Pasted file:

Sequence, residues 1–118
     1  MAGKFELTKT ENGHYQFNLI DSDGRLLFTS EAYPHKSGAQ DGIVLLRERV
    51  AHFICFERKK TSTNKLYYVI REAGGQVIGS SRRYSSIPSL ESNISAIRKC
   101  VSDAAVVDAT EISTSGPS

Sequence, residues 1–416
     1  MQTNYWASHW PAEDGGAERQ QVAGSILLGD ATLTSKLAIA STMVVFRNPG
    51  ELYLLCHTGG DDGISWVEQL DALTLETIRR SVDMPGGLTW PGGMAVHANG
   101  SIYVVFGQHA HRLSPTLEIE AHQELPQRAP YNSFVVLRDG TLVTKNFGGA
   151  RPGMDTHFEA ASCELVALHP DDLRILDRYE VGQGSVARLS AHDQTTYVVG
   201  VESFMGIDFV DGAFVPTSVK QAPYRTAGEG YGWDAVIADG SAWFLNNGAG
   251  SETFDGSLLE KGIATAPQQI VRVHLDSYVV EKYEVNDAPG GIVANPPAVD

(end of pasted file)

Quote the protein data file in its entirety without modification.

Sequence, residues 1–118
     1  MAGKFELTKT ENGHYQFNLI DSDGRLLFTS EAYPHKSGAQ DGIVLLRERV
    51  AHFICFERKK TSTNKLYYVI REAGGQVIGS SRRYSSIPSL ESNISAIRKC
   101  VSDAAVVDAT EISTSGPS

Sequence, residues 1–416
     1  MQTNYWASHW PAEDGGAERQ QVAGSILLGD ATLTSKLAIA STMVVFRNPG
    51  ELYLLCHTGG DDGISWVEQL DALTLETIRR SVDMPGGLTW PGGMAVHANG
   101  SIYVVFGQHA HRLSPTLEIE AHQELPQRAP YNSFVVLRDG TLVTKNFGGA
   151  RPGMDTHFEA ASCELVALHP DDLRILDRYE VGQGSVARLS AHDQTTYVVG
   201  VESFMGIDFV DGAFVPTSVK QAPYRTAGEG YGWDAVIADG SAWFLNNGAG
   251  SETFDGSLLE KGIATAPQQI VRVHLDSYVV EKYEVNDAPG GIVANPPAVD